Dog Science

The Bark MagazinePlayDates_168795222

Dr. Ward authored a series of articles exploring the topics of dog-to-dog friendships and social play.

Keep it Real: Managing Expectations about Your Dogs Behavior Makes for a Good Relationship. Camille Ward. September-October 2012: 41-44.

Pal Dogs: Does Your Dog Need a BFF? Barbara B. Smuts & Camille Ward. June-August 2010: 68-71.

Fighting Without Biting: Dogs Have Many Ways to Resolve Conflicts. Camille Ward & Barbara B. Smuts. April-May 2011: 64-68.

The Language of Play: Some Like It Ruff. Authors. Barbara B. Smuts & Camille Ward. June-August 2011: 70-73.

A Sampling of Dr. Ward’s Research on Dogs

Greeting Behavior between Dogs in a Dog Park. 2020.

Author: Camille Ward. Pet Behaviour Science, 110: 1-14.

This study focused on greeting behavior between dogs meeting at a local dog park in Ann Arbor.  During a greeting, dogs would approach, engaged in olfactory investigations (i.e., “sniff”) and then depart.  Play occasionally followed greetings.  Dogs with a high, upright postures (indicating arousal) and dogs with low body postures (indicating anxiety or fear) at the beginning of a greeting would often shift to a more neutral, baseline posture by the end of the greeting.  This suggests that greetings may have a calming influence in some dogs.

Greetings between dogs lasted approximately 6.0 seconds.   Having baseline information on what is a natural, off-leash greeting time, as determined by the dogs themselves, can help guardians to make better decisions when introducing their dog to new dogs.  The 6.0 second rule may be a good baseline to work from as a starting point to help set dogs up for successful introductions.

Click here to read the full manuscript.

Third-Party Interventions in Dyadic Play between Littermates of Domestic Dogs. 2009.

Authors: Camille Ward, Rebecca Trisko, & Barbara Smuts. Animal Behaviour, 78: 1153-1160.

As part of my dissertation, I reported on intervention behavior among puppies in four litters of domestic dogs.  An intervention occurred when two puppies were playing and a third individual would intervene in their play.  A third puppy could intervene by biting, jumping on, mounting, etc. one of the two dogs engaged in social play.  Types of interventions varied by development stage, but the target of the intervention was usually the puppy already in the subordinate role (in a down position, on his back) at the time of the intervention.  This suggests that puppies may use interventions strategically to practice “offense behaviors” in a safe and playful environment.  Such practice may help structure relationships among group members over time, and it also gives the intervener the opportunity to practice socially facilitated behaviors (i.e., do what the other dog is doing by targeting the dog in the subordinate role), which can important for group-living social species such as dogs.  Such socially facilitated behaviors could have paved the way for synchronizing cooperative behaviors in early dogs.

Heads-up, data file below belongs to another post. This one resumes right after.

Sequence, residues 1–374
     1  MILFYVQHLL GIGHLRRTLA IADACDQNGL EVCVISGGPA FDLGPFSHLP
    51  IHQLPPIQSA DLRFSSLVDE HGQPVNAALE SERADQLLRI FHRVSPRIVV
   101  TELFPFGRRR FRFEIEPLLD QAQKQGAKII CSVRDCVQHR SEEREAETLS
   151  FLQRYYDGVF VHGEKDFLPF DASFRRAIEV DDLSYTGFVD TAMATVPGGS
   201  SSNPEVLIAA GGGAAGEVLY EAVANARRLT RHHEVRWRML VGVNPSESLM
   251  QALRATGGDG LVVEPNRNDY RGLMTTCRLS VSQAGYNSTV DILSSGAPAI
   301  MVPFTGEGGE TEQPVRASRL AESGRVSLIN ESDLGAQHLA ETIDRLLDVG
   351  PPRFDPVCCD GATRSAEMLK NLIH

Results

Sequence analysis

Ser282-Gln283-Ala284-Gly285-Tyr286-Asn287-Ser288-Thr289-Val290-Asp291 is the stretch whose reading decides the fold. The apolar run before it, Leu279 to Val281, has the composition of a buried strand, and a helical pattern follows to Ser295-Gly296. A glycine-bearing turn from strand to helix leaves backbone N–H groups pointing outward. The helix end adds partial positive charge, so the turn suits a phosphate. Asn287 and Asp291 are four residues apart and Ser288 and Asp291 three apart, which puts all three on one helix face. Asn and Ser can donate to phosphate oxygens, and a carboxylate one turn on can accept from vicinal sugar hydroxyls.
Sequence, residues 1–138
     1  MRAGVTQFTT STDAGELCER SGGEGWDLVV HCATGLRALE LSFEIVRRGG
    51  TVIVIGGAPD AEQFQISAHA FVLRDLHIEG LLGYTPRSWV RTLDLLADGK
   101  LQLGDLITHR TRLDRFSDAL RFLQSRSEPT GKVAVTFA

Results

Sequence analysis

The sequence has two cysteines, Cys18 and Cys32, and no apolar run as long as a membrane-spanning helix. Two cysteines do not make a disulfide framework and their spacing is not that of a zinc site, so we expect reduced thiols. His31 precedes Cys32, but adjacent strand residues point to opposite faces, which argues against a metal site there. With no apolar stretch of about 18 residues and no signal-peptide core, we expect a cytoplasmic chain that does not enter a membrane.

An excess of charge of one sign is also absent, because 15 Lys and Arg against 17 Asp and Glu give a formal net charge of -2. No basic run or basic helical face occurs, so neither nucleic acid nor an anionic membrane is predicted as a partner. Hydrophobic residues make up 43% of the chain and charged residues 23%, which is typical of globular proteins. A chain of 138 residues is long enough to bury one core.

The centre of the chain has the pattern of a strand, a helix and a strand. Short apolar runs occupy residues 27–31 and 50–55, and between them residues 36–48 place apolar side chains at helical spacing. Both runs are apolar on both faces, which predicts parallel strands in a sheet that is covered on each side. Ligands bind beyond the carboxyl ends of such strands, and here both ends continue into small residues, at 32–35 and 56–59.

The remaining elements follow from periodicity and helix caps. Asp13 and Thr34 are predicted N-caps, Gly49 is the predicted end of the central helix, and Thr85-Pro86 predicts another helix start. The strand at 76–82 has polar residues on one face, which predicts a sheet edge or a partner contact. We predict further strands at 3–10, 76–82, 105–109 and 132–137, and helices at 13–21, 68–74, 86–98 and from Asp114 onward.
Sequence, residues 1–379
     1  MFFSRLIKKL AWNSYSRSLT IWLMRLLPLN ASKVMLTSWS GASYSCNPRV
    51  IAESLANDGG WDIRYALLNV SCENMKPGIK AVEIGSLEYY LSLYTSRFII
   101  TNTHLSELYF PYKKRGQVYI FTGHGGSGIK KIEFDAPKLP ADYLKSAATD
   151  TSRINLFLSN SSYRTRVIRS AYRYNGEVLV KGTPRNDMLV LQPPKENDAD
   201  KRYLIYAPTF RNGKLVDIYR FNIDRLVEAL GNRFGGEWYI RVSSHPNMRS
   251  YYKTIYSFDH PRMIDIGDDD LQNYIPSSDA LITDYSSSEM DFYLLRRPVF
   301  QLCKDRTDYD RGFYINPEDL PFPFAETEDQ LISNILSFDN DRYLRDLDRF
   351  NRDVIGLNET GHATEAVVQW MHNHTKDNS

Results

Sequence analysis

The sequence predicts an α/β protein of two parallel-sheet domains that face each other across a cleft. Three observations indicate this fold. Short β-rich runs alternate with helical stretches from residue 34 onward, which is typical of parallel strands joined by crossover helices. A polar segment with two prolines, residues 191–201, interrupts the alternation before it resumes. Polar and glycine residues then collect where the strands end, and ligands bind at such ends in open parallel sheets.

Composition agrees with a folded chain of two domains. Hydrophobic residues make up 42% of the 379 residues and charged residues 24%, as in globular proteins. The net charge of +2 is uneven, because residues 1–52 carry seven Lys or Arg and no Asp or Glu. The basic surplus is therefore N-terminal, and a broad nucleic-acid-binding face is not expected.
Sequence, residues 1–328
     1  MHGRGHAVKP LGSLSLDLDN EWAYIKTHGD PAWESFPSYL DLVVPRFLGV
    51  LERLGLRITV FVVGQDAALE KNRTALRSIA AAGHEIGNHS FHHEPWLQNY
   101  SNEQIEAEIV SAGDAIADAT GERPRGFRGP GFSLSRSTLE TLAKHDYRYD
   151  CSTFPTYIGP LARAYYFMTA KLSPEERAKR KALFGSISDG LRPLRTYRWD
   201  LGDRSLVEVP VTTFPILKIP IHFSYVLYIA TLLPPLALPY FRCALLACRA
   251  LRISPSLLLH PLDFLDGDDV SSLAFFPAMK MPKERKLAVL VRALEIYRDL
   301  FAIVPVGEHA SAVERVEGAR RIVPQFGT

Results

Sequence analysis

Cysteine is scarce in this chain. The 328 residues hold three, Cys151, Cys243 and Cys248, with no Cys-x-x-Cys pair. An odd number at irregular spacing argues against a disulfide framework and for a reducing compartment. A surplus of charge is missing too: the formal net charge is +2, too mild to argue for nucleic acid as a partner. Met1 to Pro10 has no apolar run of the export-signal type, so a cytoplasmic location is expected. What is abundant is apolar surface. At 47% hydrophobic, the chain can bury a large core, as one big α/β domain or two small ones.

Click here to read the full manuscript.

Play Partner Preferences and Asymmetries in Social Play among Domestic Dog (Canis lupus familiaris) littermates. 2008.

Authors: Camille Ward, Erika Bauer, & Barbara Smuts. Animal Behaviour, 76: 1187-1199.

As a chapter in my dissertation on dog behavior, I reported on puppy play in four litters of domestic dogs. I studied the social interactions of the puppies starting at 3 weeks all the way up to 10 months of age in one litter. Puppies started to form play partner preferences very early in development (prior to 7 weeks of age) and their preferences for play with the same individuals intensified over time. I also found that contrary to belief in some of the popular literature, puppies rarely played fairly—i.e., they almost never balanced out their play style (i.e., took turns being in the top dog/bottom dog roles). One dog in a play dyad (a play pair) was consistently in the top dog position (directing “offense behaviors” such as bites, jumping on his/her partner, mounting, chasing, etc.). However, the dog in the bottom role (i.e., receiving bites , being chased, being sat on, etc.) often continued to initiate play with other playmates who “dominated” them in play. Not everyone wants to be the top dog and some dogs appear content to be in the bottom-dog role when playing with certain partners.